A ganglion is a fluid-filled sack most often communicating with a joint, or the sheath of a tendon (the tunnel that some tendons lie within). Ganglions are common and do not always cause problems.
This connection with another fluid-filled area accounts for the ganglions ability to fluctuate in size as fluid enters or leaves the ganglion. If you shine a small pen torch onto the lump through the skin in a dark room and it glows, the lump is most likely to be a ganglion.
The exact nature of a ganglion and how it forms is not clear; however, ganglions are benign, non-cancerous lumps.
Ganglions are quite common and do not always cause problems but for some people they can be unsightly or cause discomfort. Of course, it is also possible to have a ganglion and another condition which is separately causing symptoms not caused by the ganglion.
A lump may appear in your hand or finger. The lump often starts off small but may grow or fluctuate in size. The lump may not cause any other problems other than being cosmetically displeasing, or involve minor aching.
Ganglions on the palm side of the fingers or hand may be tender when using the hand. Ganglions found on the back of the fingertips may burst intermittently, and can occasionally become infected in the days after they burst.
The more common areas for ganglions to be present are; the back of the wrist, on the thumb side below the palm on the wrist, on the back of the end joint of the fingers, or on the palm side of the base of the hand, or in the fingers.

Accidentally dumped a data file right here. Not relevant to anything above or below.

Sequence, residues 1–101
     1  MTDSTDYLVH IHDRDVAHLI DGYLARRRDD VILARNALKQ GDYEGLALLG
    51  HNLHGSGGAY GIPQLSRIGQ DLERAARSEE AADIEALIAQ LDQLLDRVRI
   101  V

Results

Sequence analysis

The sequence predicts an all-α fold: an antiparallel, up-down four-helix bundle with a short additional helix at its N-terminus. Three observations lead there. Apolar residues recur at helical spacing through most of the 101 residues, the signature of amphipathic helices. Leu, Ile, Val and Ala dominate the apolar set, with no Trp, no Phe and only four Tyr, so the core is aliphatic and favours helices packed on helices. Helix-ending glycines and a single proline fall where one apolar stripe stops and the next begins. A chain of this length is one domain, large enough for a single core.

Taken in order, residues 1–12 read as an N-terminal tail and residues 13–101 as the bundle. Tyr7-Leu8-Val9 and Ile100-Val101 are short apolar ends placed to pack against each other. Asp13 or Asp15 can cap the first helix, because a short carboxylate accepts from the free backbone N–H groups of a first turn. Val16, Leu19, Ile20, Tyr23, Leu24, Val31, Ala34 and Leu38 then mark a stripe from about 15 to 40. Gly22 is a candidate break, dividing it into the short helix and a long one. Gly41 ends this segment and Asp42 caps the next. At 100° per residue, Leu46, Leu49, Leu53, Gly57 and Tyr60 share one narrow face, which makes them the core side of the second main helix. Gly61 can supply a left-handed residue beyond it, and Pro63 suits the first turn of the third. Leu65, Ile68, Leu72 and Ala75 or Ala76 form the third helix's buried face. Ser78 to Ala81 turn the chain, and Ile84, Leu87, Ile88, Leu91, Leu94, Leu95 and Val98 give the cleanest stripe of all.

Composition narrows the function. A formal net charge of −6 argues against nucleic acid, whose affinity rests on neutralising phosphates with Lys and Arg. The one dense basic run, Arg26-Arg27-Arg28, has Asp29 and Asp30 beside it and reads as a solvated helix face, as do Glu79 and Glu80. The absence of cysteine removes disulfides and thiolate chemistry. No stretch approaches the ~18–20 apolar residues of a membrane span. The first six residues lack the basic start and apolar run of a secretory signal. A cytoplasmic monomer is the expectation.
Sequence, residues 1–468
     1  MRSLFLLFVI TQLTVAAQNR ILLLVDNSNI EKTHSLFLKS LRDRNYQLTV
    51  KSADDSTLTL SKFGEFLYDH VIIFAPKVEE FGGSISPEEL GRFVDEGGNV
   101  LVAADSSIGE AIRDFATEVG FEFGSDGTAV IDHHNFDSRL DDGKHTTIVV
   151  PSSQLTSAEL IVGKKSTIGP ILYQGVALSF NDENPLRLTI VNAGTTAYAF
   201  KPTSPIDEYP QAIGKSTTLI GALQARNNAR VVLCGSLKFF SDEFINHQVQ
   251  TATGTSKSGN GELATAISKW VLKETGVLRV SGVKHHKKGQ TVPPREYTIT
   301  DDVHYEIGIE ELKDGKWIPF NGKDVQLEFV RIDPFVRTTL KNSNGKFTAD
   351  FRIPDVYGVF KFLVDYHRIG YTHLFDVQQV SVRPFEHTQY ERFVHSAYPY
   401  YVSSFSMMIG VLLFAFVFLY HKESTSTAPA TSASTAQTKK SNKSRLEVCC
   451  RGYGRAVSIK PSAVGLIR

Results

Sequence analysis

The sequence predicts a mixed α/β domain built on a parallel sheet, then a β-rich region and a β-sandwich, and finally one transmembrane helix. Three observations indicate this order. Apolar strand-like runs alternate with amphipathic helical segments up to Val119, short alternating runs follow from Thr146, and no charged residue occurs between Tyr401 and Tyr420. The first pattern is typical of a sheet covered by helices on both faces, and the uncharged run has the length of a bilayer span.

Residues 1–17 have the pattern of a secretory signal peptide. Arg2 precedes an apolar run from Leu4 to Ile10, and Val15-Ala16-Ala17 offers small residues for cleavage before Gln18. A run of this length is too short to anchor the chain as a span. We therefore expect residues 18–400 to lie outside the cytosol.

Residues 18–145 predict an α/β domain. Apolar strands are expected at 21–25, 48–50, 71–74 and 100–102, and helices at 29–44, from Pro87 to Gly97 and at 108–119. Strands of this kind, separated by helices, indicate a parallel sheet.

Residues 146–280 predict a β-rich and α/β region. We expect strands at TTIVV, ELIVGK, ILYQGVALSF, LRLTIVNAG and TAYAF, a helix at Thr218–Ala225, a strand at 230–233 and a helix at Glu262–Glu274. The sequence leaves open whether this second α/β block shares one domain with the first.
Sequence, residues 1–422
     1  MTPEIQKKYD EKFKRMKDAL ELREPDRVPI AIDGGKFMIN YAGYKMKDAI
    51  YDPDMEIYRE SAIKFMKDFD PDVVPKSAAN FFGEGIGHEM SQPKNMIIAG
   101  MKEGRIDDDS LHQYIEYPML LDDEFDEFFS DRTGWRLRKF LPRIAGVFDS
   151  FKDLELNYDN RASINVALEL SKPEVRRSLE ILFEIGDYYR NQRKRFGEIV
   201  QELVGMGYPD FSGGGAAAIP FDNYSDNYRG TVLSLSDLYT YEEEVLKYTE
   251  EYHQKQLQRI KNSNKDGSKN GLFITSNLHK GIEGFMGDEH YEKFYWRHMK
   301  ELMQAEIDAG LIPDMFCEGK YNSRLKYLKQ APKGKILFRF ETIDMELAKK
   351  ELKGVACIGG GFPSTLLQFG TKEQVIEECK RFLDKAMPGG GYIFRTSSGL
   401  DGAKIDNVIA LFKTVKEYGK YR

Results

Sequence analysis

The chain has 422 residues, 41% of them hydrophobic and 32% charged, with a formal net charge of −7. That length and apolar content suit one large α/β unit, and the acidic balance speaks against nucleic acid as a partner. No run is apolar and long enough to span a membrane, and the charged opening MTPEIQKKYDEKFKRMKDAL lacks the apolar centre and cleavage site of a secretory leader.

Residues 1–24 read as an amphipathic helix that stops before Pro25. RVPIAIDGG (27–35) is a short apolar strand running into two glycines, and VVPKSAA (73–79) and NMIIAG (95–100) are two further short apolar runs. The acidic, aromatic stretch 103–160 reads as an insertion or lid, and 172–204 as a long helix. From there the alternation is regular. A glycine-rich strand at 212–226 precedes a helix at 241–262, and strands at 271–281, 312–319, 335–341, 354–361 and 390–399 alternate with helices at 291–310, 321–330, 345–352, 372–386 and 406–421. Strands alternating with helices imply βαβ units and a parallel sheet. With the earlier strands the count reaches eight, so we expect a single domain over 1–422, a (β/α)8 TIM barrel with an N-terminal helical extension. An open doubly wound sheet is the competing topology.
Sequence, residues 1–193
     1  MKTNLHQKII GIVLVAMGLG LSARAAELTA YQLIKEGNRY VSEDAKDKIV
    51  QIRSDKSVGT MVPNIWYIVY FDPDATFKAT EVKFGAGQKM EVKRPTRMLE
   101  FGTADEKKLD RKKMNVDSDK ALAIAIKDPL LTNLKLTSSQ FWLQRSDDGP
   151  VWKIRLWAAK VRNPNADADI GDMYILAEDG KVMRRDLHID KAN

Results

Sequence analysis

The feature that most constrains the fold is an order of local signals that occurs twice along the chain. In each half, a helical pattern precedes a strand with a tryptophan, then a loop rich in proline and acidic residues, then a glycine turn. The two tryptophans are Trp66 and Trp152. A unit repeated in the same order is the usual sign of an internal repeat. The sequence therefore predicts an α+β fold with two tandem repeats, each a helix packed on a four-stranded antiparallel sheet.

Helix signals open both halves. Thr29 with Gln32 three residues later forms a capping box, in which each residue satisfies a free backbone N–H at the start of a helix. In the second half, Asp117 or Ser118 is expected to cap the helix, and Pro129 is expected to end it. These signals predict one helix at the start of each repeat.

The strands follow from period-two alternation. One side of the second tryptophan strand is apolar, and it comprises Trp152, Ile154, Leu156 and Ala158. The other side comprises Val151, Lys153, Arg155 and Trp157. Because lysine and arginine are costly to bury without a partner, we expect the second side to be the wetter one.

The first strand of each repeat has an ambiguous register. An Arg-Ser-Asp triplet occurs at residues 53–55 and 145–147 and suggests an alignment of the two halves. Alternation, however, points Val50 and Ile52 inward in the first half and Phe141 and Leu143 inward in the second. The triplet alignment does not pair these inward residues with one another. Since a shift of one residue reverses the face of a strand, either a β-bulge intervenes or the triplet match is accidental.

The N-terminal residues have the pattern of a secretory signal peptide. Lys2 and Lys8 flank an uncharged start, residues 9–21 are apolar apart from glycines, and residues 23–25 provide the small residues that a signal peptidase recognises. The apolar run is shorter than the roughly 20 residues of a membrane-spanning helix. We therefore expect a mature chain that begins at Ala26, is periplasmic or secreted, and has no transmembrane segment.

Although ganglions are the most common hand lump, other types of problems can cause hand lumps. If in doubt you should consult your family doctor or discuss your concerns with Dr Jarrett.
About your hands & wrists
How can you treat or remove a ganglion?
Ganglions are non-cancerous, so once the diagnosis is confirmed, the best course of action is to leave them alone.
Should the ganglion cause symptoms, further investigatios may be required to exclude other issues such as arthritis or tendonitis.
Aspiration can be carried out with a needle and syringe in the clinic, sometimes with an injection of steroid. Aspiration confirms the diagnosis as thick clear ganglion fluid is aspirated. However, ganglions recur 70 – 90% of the time following aspiration.
The ganglion can be removed surgically either through a small wound or arthroscopically. An operation will leave some form of scar. A ganglion can recur following surgical removal, with 10% recurring in the first year.
The risks of surgery are low but include infection (1%), stiffness, injury to other structures, chronic pain and recurrence of the ganglion. Although ganglion treatment by aspiration or surgery often reduces or resolves the symptoms caused, relief is not guaranteed.
After Ganglion Excision –
The operation is usually carried out as a day surgery case, either under local anaesthetic or a general anaesthetic.
It is sensible to take a painkiller before going to bed, in case the local anaesthetic wears off while you are asleep and causes discomfort.
A small bandage is worn for two days. Upon removal of the bandage, a small dressing is worn for a further 7 days and then removed. Absorbable sutures are used and do not require removal. The wound can be washed after the dressings are removed 10 days following the operation, and the wound moisturised as desired.
You are welcome to watch our post-operative wound care video on this website for further information about managing your dressing and wound.
The wound is usually tender for a few weeks and will resolve over this period. The fingers can be moved immediately following the procedure, but heavy work is not possible until the wound has healed. Should you have any problems following your operation, please do not hesitate to call Mr Jarrett’s rooms, or for out of hours issues, please contact the Murdoch Emergency Department.